A stammerer since childhood, Nigel Phillips enjoyed and endured a successful and stressful language-teaching career. Did anything help?
‘Phillips, what’s your school number?’ barked the teacher taking the register. I pursed my lips, trying to reply, but the reply wouldn’t come: ‘W, w, www, www, w…’ Then I burst into tears of shame at my inability to pronounce the simple words ‘One, two, three.’
Fast-forward 75 years. ‘What’s your name?’ asks the friendly receptionist at the speech-therapy clinic. ‘N, nn, n…’ Again I am speechless. A whole lifetime since my schooldays, I am still stammering and still plagued by deep embarrassment and frustration.
Most cases of stammering, including mine, are now thought by psychologists to be ‘developmental’, originating in faulty brain development during the process of learning to speak.
Many children stammer for some time in their early years but about two in three of them grow out of it. Stammering can also, though comparatively rarely, be caused by head injury, stroke or other neurological problems. At least one in 100 adults stammers – and four times as many men as women.
Stammering differs from person to person and from one situation to another. For me personally, the situation is helpful when I can speak with some authority, or am feeling relaxed, confident and free from pressure. I don’t stammer at all when singing – whether solo or in a group – or reading aloud to myself.
However, I can easily be thrown off my stride. A typical problem is being asked for a simple piece of information such as one’s name (or school number – see above!). The expectation of a quick and easy response can be paralysing. Conventional exchanges such as greetings and farewells are fraught with similar pressures, and it makes one feel so dumb – in both senses – not to be able to respond. Group conversations feel impenetrable. Phone calls of any kind are extremely stressful.
One might think that the study of foreign languages held few attractions for someone with a bad stammer. As it turns out, my life has revolved around little else. At school, my headmaster steered me in the direction of Classics, which I went on to study at university. During my National Service, I chose to take the Russian course in the Navy. My next and final move was to SOAS, where I was to spend 30 years learning and teaching Malay and its sister language Indonesian, and writing a PhD on Sijobang, a story from West Sumatran oral tradition.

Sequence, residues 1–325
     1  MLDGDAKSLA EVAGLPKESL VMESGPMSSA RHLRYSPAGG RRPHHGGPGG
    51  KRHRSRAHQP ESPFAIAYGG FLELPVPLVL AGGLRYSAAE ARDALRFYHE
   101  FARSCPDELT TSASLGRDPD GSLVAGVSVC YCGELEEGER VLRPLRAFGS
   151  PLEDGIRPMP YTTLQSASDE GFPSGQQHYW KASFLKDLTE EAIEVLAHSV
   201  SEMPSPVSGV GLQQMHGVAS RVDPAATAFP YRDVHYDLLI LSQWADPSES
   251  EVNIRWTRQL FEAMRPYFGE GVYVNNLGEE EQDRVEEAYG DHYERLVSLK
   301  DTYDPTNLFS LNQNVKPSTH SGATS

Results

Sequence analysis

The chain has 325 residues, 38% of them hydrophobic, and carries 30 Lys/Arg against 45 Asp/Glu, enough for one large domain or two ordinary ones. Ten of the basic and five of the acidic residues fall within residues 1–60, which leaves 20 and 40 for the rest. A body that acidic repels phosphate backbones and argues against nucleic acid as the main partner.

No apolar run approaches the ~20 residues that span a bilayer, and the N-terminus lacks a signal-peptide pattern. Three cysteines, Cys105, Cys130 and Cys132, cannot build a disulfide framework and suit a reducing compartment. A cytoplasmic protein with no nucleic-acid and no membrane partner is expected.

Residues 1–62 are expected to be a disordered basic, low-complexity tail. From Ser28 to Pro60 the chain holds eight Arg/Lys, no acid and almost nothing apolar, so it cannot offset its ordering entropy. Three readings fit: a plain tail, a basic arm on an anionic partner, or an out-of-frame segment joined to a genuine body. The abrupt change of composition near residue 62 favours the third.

Speech disorder notwithstanding, I plunged enthusiastically into these new and exotic languages.
The path was not entirely smooth. My stammering was largely responsible for my poor final results at Cambridge because I ducked the essential but, to me, dreadful task of reading my essays aloud to my supervisor and fellow students. Stammering was a daily torment while I was learning Russian. Meanwhile a brief speech-therapy course at Goldsmiths was useful – but no miracles occurred.
During my SOAS years, fascinating as they were in general, speech was still a battlefield, littered with failed therapies – hypnosis (useless for me) and the medication haloperidol (a rash experiment which triggered a clinical depression). My stammer insisted on accompanying me for life.
Indeed, a developmental stammer can’t be cured: at best, one learns from speech therapists how to speak more fluently. Some people manage their stammer very well with techniques ranging from breath management and relaxation of the vocal apparatus to speaking emphatically, loudly or rhythmically. These speech-therapy approaches – and stammering itself – are well-portrayed in The King’s Speech, about George VI’s stammer.
A more recent and, at first sight, improbable therapeutic tool is deliberate (or voluntary) stammering. The aim is to get one’s stammer right out in the open. By learning to stammer deliberately, the stammerer in time becomes less anxious about encountering involuntary blocks and experiences a greater sense of freedom and control.
Of late I’ve benefited from this form of therapy and I strive to put it into practice. Unfortunately, though, my speech is now as bad as ever because of the progressive effects of Parkinson’s disease, which I have had for 20 years. I also suspect that retirement, with the loss of my position as a teacher, has weakened my self-esteem and undermined my confidence in speaking. The growing loss of physical independence with age compounds the problem. All in all, I don’t expect ever to be free of anxiety and frustration when trying to make conversation.
People ask how a non-stammerer should behave in the presence of a stammerer. I would suggest neither ignoring nor overreacting to the stammer. Bear in mind that for many stammerers, social situations are very stressful; so keep the atmosphere as relaxed as possible. Encourage the stammerer to join the conversation, and allow them plenty of time to do so – without putting them under undue pressure.
Stammerers differ as to whether they like having sentences finished for them. Personally, I don’t. So ask the stammerer – and wait patiently for their answer as they struggle with their disability.
P.S. to stammerers: however discouraging your experiences of failure so far, don’t despair. Do get professional help and keep trying. Nil desperandum.